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Briumvi™ (ublituximab-xiiy)

Policy Number: PH-0693



Last Review Date: 10/03/2023

Date of Origin: 02/02/2023

Dates Reviewed: 02/2023, 04/2023, 10/2023

FOR PEEHIP Members Only -Coverage excludes the provider-administered medication(s) outlined in this drug policy from being accessed through a specialty pharmacy. It must be obtained through buy and bill.

  1. Length of Authorization

Coverage will be provided for 6 months and may be renewed.

  1. Dosing Limits
  1. Quantity Limit (max daily dose) [NDC unit]:
  • Briumvi 150 mg/6 mL single-dose vial: 1 vial initially, then 3 vials at day 15 and 168 and every 168 days thereafter
  1. Max Units (per dose and over time) [HCPCS Unit]:

Initial dose:

  • 150 billable units (150 mg) on day 1 and 450 billable units (450 mg) on day 15 and 168 

Subsequent doses:

  • 450 billable units (450 mg) every 168 days thereafter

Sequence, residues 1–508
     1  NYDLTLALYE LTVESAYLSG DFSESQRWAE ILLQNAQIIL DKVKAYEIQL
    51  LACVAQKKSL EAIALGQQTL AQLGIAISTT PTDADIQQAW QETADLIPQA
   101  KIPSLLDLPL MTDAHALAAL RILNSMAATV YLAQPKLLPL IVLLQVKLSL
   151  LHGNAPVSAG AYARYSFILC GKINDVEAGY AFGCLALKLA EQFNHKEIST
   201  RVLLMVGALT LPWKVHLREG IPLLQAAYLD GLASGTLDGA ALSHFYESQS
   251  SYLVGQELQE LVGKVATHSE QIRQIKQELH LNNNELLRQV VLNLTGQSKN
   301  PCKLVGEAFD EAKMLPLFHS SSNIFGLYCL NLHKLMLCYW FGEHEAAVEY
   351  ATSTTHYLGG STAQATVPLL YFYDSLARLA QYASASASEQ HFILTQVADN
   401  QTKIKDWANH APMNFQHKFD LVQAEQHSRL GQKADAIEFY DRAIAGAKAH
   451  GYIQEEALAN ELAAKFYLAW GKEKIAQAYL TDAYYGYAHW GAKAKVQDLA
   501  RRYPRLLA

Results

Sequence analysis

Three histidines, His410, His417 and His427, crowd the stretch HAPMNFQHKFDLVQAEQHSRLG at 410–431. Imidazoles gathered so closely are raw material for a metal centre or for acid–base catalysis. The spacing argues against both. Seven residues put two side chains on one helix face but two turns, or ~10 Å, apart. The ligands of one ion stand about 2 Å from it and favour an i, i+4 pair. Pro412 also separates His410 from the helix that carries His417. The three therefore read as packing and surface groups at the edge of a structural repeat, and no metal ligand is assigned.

1. Initial Approval Criteria 1

Coverage is provided in the following conditions:

  • Patient is at least 18 years of age; AND
  • Patient has been screened for the presence of Hepatitis B virus (HBV) prior to initiating treatment AND does not have active disease (i.e., positive HBsAg and anti-HBV tests); AND
  • Patient has had baseline serum immunoglobulins assessed; AND

Universal Criteria 1

  • Patient will not receive live or live-attenuated vaccines while on therapy or within 4 weeks prior to initiation of treatment; AND
  • Patient does not have an active infection; AND
  • Used as single agent therapy; AND
  • Patient has not received a dose of ocrelizumab or ublituximab within the past 5 months; AND

Multiple Sclerosis † 1,6,10

  • Patient must have a confirmed diagnosis of multiple sclerosis (MS) as documented by laboratory report (i.e., MRI); AND
  • Patient has a diagnosis of a relapsing form of MS [i.e., relapsing-remitting MS (RRMS)*, active secondary progressive disease (SPMS)**, or clinically isolated syndrome (CIS)***]